Critics and audiences can form their own opinions about what a TV show is about, but lawsuits alleging idea theft can serve as vehicles for the TV network and creators to explain themselves.
According to a court filing on Thursday from 20th Century Fox, Empire co-creator Lee Daniels and others involved in the show, the hit drama is a "modern take on Shakespeare's King Lear" or a "contemporary take on Dynasty, a 1980s primetime soap opera that focused on the family drama around a succession plan for a patriarch running an oil empire."
One thing that Empire is not based on, writes an attorney for Fox, is the "crudely written, violent, regretful autobiographical works" of Ron Newt, self-described "gangsta pimp."
Newt filed his $1 billion lawsuit in April, and at the time, it wasn't much to be taken seriously despite three exclamation points in a headline about the suit from TMZ. For one thing, Newt listed "Rupert Murdock" — misspelling the last name of the then-21st Century Fox CEO — as the lead defendant. For another, just look at the actual complaint.
But in August, Newt found real legal representation and filed an amended $10 million complaint that has a much greater air of legitimacy (read here). The plaintiff alleges being the author of a book, Bigger than Big, as well as a screenplay and DVD documentary based on the book. He alleges that in 2010, while in Los Angeles promoting his works, he met with Empire actor Terrence Howard for more than three hours and relayed his life story. Howard allegedly kept copies of Newt's works, which are claimed to be substantially similar to the program that Howard would later star in.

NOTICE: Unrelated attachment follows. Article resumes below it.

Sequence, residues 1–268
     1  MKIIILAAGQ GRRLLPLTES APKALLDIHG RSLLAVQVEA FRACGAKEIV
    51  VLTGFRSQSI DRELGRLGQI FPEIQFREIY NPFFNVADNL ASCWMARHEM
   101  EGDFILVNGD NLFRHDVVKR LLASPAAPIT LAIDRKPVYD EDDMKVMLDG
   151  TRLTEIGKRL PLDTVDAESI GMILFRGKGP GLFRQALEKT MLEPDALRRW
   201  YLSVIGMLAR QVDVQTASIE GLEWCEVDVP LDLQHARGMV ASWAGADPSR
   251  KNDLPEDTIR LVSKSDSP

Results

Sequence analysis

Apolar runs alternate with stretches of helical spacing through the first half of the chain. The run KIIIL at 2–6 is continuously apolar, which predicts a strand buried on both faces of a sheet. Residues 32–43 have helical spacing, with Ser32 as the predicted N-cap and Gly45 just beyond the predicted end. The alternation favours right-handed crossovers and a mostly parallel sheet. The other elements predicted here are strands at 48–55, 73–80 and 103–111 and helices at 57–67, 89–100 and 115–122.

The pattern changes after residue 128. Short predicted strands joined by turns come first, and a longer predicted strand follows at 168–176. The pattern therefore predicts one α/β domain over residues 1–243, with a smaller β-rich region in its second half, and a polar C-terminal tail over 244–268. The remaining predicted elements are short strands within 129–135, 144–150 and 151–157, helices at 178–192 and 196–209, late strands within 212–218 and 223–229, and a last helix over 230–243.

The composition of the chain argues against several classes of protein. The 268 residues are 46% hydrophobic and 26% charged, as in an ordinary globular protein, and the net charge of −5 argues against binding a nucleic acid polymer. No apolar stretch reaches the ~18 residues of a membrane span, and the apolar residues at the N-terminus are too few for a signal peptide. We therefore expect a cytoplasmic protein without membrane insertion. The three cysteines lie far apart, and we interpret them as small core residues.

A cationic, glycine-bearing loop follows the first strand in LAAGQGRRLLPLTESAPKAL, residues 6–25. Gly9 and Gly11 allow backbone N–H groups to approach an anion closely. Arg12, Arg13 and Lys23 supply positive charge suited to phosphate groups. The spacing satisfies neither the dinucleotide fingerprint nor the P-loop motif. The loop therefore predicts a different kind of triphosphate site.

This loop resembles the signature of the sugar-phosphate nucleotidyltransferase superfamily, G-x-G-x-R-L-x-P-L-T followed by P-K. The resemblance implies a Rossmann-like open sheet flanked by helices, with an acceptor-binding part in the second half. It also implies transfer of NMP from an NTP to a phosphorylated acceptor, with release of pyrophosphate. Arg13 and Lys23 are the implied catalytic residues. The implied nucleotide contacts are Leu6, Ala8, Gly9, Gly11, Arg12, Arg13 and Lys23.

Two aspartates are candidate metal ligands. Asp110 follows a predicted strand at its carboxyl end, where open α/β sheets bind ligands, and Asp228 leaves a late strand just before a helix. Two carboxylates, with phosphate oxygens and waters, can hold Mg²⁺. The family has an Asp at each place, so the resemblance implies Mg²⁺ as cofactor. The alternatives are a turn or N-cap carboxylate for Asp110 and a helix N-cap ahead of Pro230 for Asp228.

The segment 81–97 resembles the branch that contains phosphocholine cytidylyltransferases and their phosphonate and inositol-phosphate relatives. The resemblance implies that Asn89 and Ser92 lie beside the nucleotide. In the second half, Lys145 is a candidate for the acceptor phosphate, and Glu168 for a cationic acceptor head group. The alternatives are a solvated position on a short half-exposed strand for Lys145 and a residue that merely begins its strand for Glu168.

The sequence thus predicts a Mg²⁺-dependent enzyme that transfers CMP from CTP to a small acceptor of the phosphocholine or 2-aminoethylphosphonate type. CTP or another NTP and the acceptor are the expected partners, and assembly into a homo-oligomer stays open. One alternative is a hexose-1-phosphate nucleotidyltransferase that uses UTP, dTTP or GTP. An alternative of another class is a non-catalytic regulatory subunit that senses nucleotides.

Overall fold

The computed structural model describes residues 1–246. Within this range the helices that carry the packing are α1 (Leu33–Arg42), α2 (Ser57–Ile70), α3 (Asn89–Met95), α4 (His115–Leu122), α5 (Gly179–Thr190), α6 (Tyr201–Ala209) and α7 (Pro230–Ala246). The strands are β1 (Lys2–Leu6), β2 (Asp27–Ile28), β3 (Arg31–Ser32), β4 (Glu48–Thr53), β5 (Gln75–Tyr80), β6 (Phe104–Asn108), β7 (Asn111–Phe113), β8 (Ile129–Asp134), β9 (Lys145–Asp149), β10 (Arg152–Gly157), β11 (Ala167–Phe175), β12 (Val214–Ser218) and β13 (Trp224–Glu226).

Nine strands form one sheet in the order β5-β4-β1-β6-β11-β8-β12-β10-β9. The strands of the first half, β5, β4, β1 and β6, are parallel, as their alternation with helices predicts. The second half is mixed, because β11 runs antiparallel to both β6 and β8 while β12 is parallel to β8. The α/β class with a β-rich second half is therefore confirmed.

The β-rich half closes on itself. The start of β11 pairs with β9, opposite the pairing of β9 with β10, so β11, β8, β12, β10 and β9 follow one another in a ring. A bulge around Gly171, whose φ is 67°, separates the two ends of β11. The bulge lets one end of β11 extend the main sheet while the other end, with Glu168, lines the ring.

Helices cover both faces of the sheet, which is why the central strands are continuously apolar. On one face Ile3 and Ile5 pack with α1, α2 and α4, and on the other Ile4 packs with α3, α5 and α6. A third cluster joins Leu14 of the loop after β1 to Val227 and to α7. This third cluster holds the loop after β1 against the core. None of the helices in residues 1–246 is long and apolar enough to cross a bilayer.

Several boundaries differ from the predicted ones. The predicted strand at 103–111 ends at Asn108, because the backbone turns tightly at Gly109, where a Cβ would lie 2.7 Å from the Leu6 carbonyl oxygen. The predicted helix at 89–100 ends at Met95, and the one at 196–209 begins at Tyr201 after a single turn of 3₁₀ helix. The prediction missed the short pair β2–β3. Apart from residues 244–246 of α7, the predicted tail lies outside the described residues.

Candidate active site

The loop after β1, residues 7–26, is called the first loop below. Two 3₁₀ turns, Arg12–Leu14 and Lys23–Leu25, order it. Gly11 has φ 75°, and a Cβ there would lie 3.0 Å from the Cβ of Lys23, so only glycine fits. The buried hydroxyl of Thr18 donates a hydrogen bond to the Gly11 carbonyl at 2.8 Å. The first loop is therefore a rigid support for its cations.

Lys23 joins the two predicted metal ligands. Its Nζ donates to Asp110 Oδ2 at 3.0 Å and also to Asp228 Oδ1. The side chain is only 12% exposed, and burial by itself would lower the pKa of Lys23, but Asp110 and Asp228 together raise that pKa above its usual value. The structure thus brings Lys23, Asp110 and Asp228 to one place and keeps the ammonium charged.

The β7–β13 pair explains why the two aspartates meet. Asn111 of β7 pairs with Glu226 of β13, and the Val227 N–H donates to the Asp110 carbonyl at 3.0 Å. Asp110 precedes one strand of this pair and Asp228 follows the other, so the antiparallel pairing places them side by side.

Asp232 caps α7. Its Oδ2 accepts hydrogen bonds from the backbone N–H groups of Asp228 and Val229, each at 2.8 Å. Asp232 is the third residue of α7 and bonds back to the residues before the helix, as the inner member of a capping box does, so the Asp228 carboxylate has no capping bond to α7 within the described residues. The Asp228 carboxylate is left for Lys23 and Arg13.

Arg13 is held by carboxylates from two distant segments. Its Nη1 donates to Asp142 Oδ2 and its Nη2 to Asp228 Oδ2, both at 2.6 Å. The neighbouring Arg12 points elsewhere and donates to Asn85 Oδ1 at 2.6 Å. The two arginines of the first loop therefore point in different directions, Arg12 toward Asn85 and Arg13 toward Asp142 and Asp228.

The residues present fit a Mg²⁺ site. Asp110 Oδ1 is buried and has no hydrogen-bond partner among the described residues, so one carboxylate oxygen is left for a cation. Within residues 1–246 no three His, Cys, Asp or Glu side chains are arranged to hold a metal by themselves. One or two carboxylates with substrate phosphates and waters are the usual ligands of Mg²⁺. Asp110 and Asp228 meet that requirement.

Newt describes both works as "centering around an African American man with a history of violence raising himself and his three sons from the ghetto and a life of crime into the world of the music industry."
The Empire defendants say that's not what their show is about at all.
"Empire is not about the characters' history of violence and crime or Lucious' struggle to achieve legitimacy and success in the music industry," states a motion to dismiss. "When they are introduced in the pilot, Lucious and Cookie have long ago left the drug trade, and Lucious is already at the top of the industry. Instead, Empire is about a drug dealer-turned-rapper-turned-music mogul who, believing he has a terminal illness, seeks a successor from among his three sons, while battling with the women in his life."
The amended complaint might have been enough of an improvement that Fox hired its own strong attorney, Linda Burrow at Caldwell Leslie, to submit a 34-page memorandum (read in full here) shooting down the lawsuit, but the defendants still identify some legacy inadequacies on Newt's part. These include a copyright application deemed "defective" because it "purports to register multiple works with different publication dates in a single application."
There's also an attack on the the potential shortcomings of Newt's new lawyer, Charles Coate. Take Newt's alleged meeting with Howard. Besides copyright infringement, the plaintiff is claiming a breach of an implied contract based upon a failure to satisfy an understanding that if Newt's works were used, he would be paid appropriately. But the defendants say that there's no claim that anybody else was at the meeting, that Howard had the authority to bind anyone else or that Newt's works were disclosed to anyone else. "Nor does Plaintiff allege that Howard had any role in creating Empire," they add.
This article was originally published by The Hollywood Reporter.